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For Peter Zumthor the Interiors are like large instruments, collecting sound, amplifying it, transmitting it elsewhere. That has to do with the shape peculiar to each room and with the surface of materials they contain, and the way those materials have been applied.’ Corridors or passages are considered eerie places, not just due to poorly lit and unexciting architecture but the sound quality.

glacier-and-hiker-725x482Hearing nothing is like hearing through sea shell that re-transmits all sounds baffled by a wall and its labyrinth form. The Pantheon or cave recall this ‘absence or absorption’ of sounds. Architectural acoustics was once about managing the outside noises and inside sounds. The former was solved by isolation from surroundings, and the later by spatial modulation.Trees barriers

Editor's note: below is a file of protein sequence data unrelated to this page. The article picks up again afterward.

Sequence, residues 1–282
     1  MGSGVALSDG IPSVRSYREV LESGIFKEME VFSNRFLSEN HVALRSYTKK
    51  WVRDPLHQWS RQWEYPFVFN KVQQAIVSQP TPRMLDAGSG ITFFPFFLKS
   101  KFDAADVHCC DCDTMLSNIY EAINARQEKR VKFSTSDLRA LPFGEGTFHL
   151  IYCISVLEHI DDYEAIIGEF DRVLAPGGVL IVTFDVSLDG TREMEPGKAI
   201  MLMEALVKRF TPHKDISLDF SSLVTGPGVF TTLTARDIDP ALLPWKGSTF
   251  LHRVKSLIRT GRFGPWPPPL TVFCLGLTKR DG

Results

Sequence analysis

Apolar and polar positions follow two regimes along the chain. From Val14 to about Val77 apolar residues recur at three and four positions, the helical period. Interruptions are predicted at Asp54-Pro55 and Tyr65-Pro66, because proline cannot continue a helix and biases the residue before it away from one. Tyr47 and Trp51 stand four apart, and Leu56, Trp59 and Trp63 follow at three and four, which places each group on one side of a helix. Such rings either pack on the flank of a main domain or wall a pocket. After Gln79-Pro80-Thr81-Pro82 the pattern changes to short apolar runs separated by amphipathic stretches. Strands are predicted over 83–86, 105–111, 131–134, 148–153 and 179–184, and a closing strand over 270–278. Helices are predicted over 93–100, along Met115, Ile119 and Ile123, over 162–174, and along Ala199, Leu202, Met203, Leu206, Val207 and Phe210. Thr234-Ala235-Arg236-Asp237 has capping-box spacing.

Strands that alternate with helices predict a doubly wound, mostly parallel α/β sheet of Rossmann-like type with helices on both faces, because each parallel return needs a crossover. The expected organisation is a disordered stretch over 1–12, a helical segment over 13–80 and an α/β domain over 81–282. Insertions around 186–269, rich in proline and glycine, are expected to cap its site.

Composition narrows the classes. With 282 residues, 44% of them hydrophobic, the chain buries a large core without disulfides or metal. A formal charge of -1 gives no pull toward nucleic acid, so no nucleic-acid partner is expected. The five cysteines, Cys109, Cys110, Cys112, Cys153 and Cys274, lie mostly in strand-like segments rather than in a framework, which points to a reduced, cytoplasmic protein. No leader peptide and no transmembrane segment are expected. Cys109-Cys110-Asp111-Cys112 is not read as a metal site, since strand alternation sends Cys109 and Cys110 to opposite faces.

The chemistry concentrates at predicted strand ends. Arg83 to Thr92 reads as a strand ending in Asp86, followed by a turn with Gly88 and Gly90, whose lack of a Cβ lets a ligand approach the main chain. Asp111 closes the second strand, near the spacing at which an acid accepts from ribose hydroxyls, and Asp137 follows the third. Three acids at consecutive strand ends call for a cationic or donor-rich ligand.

Modern technology of hearing, deals with the presence and absence of sounds, in the work places. One may not desire to eavesdrop a colleague talking to another co-worker or a wife at home. In highly insulated work space the complete absorption of such noise is as much a problem as the inability to suppress such sounds. These are now managed by adding additional sounds (white noise) through special type of speakers. The speakers output sounds in set frequency range to cancel (sound making – white noise) out the irritant sound presences.

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ACOUSTICS in SMALL SPACES

Post -by Gautam Shah